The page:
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Burmese necklace
Jewelry, Watches and Coins

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A Burmese necklace with hand-painted ivory and wooden beads with a central ivory piece featuring man's face and secondary pieces depicting figures with two faces, birds, eyes, stars and nature.
The necklace presumably represents the traditional Burmese marionette puppetry called Yoke thé that dates from the 15th century. Puppetry is among the most ancient and important Burmese forms of art, therefore it’s common for necklaces and jewelry to symbolize it.

The performances of Yoke thé take on a spiritual significance. They’re based on stories from the Jataka, the sacred texts that recount stories of Buddha’s past lives, as well as historical legends and folktales. When first introduced in Burma, marionette productions were exclusively for royals. In the Burmese ancient days, puppeteers were asked by the king to play the show as an indirect way of warning the court and royal family members about their misbehaviors cleverly with a storyline of similar situation. Later they became available to everyone thus playing a significant role in the Burmese culture. Puppet shows play more than just a mere entertainment role but are also used to share knowledge on history, traditions, and social customs across the regions.

Yoke thé puppet play includes 27 characters. The central piece of the necklace with a man's face most likely represents the king (Bayin, or Min), or the prince (Mintha) - major characters of Yoke thé theater, as three dots on the head of the figure presumably represent the crown, a symbol of royalty. Most characters of Yoke thé theater have white-painted faces with big eyes and bright red lips with the facial features outlined with the black paint. The central piece of the necklace looks exactly the same.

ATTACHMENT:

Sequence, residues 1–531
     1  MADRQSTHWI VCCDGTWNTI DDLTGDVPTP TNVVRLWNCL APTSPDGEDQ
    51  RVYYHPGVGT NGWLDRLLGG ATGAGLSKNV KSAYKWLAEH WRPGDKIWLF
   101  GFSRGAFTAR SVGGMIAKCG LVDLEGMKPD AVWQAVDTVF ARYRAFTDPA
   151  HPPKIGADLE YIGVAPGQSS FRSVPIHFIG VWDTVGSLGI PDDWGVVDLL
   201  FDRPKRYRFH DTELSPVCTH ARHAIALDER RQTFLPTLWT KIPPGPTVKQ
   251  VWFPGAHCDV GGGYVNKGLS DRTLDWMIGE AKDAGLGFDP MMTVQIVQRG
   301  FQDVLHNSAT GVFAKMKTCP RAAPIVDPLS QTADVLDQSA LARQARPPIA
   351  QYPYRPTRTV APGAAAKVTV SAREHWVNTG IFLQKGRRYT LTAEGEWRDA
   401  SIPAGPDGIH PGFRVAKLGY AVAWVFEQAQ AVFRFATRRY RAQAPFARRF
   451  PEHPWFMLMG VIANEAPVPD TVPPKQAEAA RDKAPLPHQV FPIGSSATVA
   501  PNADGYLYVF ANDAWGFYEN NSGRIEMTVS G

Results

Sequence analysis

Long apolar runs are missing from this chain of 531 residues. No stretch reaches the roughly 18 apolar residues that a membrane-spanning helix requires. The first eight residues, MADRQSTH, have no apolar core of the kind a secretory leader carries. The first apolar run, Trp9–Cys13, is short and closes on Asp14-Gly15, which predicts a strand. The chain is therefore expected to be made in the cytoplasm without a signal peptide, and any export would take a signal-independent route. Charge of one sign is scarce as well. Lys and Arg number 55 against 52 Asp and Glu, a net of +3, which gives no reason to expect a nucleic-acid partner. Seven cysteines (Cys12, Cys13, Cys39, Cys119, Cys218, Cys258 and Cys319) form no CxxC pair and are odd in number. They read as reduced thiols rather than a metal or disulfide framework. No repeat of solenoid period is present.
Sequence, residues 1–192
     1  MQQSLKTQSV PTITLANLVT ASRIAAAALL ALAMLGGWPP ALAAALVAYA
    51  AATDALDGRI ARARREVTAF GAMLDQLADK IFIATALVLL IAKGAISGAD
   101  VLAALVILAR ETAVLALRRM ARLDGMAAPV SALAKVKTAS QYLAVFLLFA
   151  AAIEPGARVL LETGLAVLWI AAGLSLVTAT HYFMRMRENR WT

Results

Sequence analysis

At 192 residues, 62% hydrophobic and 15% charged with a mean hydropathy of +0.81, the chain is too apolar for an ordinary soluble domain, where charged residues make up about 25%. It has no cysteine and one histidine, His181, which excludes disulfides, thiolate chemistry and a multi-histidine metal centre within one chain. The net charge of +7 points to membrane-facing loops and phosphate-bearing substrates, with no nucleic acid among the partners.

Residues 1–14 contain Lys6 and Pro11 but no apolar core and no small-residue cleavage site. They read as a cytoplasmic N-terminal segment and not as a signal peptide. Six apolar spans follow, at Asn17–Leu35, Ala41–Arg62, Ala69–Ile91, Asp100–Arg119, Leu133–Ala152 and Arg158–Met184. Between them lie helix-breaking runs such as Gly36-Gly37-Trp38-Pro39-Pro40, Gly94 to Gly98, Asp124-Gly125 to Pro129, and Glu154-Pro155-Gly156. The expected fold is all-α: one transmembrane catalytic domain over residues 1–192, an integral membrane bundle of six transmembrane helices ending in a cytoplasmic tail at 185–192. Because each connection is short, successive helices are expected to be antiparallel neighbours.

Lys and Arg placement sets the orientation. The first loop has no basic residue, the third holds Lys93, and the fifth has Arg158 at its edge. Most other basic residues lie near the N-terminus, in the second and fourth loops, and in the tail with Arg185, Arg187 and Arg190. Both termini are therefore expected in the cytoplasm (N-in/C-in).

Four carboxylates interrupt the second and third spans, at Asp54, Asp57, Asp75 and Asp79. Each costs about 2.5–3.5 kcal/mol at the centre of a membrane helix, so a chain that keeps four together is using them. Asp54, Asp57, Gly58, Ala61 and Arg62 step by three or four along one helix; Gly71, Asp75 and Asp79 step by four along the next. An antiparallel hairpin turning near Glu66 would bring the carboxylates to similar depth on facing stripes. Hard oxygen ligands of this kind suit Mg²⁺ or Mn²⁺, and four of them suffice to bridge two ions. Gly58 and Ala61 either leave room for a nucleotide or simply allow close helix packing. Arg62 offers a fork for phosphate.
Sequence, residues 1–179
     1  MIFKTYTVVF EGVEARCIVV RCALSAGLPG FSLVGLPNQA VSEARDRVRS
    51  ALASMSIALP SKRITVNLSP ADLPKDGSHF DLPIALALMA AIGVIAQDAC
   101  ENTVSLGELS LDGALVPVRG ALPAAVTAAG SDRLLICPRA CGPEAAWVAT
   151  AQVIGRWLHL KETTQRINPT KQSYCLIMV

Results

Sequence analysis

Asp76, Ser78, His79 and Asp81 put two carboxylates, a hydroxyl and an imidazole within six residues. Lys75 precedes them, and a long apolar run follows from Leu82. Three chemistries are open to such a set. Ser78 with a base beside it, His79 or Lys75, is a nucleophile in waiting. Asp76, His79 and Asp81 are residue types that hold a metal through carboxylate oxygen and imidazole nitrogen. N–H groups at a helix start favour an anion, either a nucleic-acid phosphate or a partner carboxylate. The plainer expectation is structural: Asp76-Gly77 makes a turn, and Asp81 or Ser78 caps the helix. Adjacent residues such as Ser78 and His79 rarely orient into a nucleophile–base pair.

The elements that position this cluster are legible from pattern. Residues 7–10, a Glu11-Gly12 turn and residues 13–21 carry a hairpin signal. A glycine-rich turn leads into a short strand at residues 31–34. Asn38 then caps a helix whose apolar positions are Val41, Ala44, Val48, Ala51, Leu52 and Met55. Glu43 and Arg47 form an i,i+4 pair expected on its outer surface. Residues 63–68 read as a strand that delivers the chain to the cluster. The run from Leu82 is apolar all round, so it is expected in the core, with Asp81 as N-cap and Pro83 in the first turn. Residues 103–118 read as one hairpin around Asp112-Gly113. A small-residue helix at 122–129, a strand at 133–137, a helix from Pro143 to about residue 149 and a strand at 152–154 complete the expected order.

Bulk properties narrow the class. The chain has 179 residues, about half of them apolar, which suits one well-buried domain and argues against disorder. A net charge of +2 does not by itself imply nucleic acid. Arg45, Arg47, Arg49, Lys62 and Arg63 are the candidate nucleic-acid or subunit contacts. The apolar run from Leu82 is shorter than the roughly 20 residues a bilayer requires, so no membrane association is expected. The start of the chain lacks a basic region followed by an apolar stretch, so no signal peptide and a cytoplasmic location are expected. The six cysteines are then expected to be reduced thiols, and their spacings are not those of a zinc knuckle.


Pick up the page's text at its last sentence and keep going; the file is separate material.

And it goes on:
In traditional Burmese puppet theatre the characters can be not only humans, but also animals, or mythical beings. The bead with a figure resembling a bird close to the central piece of the necklace is most likely the mythical bird Garuda (eagle), one of a number of characters representing the Creation of the World (Himavunta) in Yoke thé shows. In Burmese epics, which was influenced by Hindu-Buddhist beliefs, Garuda is known as Galone, the nemesis of the Nāgas - divine, semi-divine deities.

Beads painted with flowers and landscapes might depict the painted backdrops used in Yoke thé representing forest, the common site of the action.

Most stories of Burmese puppet theater involve celestial beings. The bead with stars might symbolize the stories about them as well as the Creation of the World.

Beads with two-faces figures presumably represent one of the Nats (Spirits) worshipped in Myanmar in conjunction with Buddhism. They are believed to provide safety and prosperity and play a very important role in Burmese culture, customs and traditions.
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The necklace is presumably made from ivory and wooden beads. All beads are hand-painted and beads depicting human faces are also glazed. Ivory carving ("sinswe pan pu") developed in Burma out of what the Burmese call "pan pu", woodcarving, which is one of the pan sai myo, or "ten arts". It is not uncommon for Burmese art objects to be made of both wood and ivory. In Burma only males are taught to carve, as the carvers believe that females do not have the necessary strength. The main tool of the Burmese ivory-carver as well as the wood-carver is the chisel, made of iron with a wooden handle and a hammer-like wooden beater. The stages of creating carved beads and figures include measuring, cutting, drawing, roughout, fine carving, and finishing when the piece is smoothed and polished often using a bamboo soaked in water. Then the beads and figure pieces are painted.